domain.10* +10

Finally, as a new feature, you can also take full advantage of the HBase filteringlanguage, by typing your filter string between curly braces. HBase Browser autocompletes your filters for you so you don’t have to look them up every time. You can apply filters to rows or scans.

domain.1000 {ColumnPrefixFilter('100-') AND ColumnCountGetFilter(3)}

This doc only covers a few basic features of the Smart Search. You can take advantage of the full querying language by referring to the help menu when using the app. These include column prefix, bare columns, column range, etc. Remember that if you ever need help with the searchbar, you can use the help menu that pops up while typing, which will suggest next steps to complete your query.

Solr Indexes / Collections

Solr indexes can be created and are listed in the interface.

Sentry Permissions

Sentry roles and privileges can directly be edited in the Security interface.

Note Sentry is going to be replaced by Apache Ranger in HUE-8748.


Hive UI.


Solr privileges can be edited directly via the interface.

For listing collections, query and creating collection:



Kafka topics can be listed.

Note This is currently an experimental feature.


The Job Browser application lets you to examine multiple types of jobs jobs running in the cluster. Job Browser presents the job and tasks in layers for quick access to the logs and troubleshooting.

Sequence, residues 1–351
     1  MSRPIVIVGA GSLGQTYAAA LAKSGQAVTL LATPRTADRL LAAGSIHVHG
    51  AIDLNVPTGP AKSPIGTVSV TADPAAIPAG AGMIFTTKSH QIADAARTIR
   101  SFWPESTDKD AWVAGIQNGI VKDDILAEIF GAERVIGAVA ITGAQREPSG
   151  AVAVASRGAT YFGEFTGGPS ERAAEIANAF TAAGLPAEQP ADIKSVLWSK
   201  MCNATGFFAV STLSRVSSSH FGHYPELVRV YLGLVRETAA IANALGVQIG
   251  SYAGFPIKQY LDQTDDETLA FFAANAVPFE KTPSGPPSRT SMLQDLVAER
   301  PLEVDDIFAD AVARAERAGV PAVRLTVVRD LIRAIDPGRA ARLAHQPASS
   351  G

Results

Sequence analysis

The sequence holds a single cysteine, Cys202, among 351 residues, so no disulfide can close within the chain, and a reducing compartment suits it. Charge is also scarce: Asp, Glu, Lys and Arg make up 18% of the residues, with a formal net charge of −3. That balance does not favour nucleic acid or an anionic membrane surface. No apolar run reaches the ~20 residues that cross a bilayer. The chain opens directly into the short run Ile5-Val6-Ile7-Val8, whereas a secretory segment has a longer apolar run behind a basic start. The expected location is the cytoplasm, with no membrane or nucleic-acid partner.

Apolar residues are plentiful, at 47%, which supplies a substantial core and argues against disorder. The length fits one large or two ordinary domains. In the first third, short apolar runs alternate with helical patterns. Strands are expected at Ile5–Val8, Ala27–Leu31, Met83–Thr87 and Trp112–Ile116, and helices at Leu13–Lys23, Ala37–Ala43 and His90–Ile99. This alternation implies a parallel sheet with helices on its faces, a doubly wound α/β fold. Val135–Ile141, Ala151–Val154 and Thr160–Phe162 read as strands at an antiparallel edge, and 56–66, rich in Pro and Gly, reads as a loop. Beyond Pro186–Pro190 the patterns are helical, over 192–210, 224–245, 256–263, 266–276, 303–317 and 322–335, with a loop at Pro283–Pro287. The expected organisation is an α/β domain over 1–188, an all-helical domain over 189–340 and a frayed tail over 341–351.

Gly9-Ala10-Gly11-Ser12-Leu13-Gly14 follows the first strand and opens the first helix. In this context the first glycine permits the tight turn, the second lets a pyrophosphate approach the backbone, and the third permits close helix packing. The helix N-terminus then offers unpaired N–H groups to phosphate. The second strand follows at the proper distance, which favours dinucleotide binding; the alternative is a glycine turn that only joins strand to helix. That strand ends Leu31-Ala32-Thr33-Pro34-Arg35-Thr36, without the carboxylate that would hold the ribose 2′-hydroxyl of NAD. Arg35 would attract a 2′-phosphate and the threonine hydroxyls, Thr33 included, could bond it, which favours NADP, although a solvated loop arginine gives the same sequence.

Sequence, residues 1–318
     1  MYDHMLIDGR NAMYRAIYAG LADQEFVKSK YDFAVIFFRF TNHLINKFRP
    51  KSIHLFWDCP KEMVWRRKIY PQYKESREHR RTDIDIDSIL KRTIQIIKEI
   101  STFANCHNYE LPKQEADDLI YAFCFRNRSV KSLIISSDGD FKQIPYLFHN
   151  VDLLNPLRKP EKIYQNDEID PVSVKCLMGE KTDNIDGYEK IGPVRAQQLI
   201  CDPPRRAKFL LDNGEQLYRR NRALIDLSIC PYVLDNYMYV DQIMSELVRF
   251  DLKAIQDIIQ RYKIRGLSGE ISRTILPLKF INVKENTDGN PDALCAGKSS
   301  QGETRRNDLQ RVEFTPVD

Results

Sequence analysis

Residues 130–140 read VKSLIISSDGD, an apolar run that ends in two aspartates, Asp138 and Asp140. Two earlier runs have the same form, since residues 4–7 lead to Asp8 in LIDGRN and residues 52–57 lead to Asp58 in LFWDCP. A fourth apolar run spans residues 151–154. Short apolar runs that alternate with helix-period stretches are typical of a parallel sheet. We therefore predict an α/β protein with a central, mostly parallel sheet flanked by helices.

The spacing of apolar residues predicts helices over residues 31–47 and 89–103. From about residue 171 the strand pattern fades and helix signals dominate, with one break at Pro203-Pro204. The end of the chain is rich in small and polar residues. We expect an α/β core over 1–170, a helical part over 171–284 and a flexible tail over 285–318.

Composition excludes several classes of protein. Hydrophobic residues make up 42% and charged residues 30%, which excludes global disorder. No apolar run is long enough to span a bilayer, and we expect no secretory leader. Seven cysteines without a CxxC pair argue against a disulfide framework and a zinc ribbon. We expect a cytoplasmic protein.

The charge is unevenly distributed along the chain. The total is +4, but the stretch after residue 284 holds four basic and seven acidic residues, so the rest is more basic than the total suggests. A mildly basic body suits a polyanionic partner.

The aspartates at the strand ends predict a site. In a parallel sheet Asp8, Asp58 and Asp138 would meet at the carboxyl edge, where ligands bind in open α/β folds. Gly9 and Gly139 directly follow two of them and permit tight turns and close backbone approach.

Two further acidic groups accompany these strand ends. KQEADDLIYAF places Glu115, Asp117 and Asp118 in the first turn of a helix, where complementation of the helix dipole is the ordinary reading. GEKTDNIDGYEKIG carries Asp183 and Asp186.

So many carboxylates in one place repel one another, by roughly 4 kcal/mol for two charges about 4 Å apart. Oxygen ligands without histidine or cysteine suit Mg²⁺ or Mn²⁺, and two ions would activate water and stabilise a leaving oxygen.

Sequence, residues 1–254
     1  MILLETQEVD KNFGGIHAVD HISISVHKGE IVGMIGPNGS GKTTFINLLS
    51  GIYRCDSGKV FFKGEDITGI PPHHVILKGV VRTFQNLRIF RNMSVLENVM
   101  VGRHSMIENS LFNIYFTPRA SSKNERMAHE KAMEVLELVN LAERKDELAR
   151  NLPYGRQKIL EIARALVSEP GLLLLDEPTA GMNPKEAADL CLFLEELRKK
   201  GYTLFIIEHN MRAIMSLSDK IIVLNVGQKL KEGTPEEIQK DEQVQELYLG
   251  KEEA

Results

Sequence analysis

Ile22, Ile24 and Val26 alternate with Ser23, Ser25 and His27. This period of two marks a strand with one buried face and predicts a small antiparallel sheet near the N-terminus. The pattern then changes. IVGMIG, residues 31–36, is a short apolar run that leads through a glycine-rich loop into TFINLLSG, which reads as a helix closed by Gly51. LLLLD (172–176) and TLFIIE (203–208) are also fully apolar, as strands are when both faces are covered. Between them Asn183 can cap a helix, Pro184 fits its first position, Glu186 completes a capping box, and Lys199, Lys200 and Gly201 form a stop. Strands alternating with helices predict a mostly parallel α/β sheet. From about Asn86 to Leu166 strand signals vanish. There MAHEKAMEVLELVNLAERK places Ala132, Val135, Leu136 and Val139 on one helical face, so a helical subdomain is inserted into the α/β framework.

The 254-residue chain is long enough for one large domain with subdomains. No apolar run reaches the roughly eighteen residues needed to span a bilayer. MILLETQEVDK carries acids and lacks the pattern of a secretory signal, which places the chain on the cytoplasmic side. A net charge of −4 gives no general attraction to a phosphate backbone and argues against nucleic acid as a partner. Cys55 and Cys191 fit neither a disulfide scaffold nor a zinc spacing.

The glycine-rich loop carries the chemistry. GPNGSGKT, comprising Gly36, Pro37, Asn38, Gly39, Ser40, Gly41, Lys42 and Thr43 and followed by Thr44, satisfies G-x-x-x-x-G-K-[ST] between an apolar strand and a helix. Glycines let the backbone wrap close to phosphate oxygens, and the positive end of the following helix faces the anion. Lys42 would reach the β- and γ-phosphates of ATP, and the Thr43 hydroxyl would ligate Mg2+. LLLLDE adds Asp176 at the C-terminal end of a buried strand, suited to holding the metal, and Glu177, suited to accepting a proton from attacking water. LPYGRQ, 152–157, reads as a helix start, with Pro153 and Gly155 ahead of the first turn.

YARN (Spark, MapReduce, Tez)

Any job running on the Resource Manager will be automatically listed. The information will be fetched accordingly if the job got moved to one of the history servers.

Impala Queries

There are three ways to access the Query browser:

  • Best: Click on the query ID after executing a SQL query in the editor. This will open the mini job browser overlay at the current query. Having the query execution information side by side the SQL editor is especially helpful to understand the performance characteristics of your queries.
  • Open the mini job browser overlay and navigate to the queries tab.
  • Open the job browser and navigate to the queries tab.

Query capabilities

  • Display the list of currently running queries on the user’s current Impala coordinator and a certain number of completed queries based on your configuration (25 by default).
  • Display the summary report which shows physical timing and memory information of each operation of the explain plan. You can quickly find bottlenecks in the execution of the query which you can resolve by replacing expensive operations, repartitioning, changing file format or moving data.
  • Display the query plan which is a condensed version of the summary report in graphical form
  • Display the memory profile which contains information about the memory usage during the execution of the query. You can use this to determine if the memory available to your query is sufficient.
  • Display the profile which gives you physical execution of the query in great detail. This view is used to analyze data exchange between the various operator and the performance of the IO (disk, network, CPU). You can use this to reorganize the location of your data (on disk, in memory, different partitions or file formats).
  • Manually close an opened query.

Read more about it on Browsing Impala Query Execution within the SQL Editor .

Workflow / Schedules (Oozie)

List submitted workflows, schedules and bundles.

Livy / Spark

List Livy sessions and submitted statements.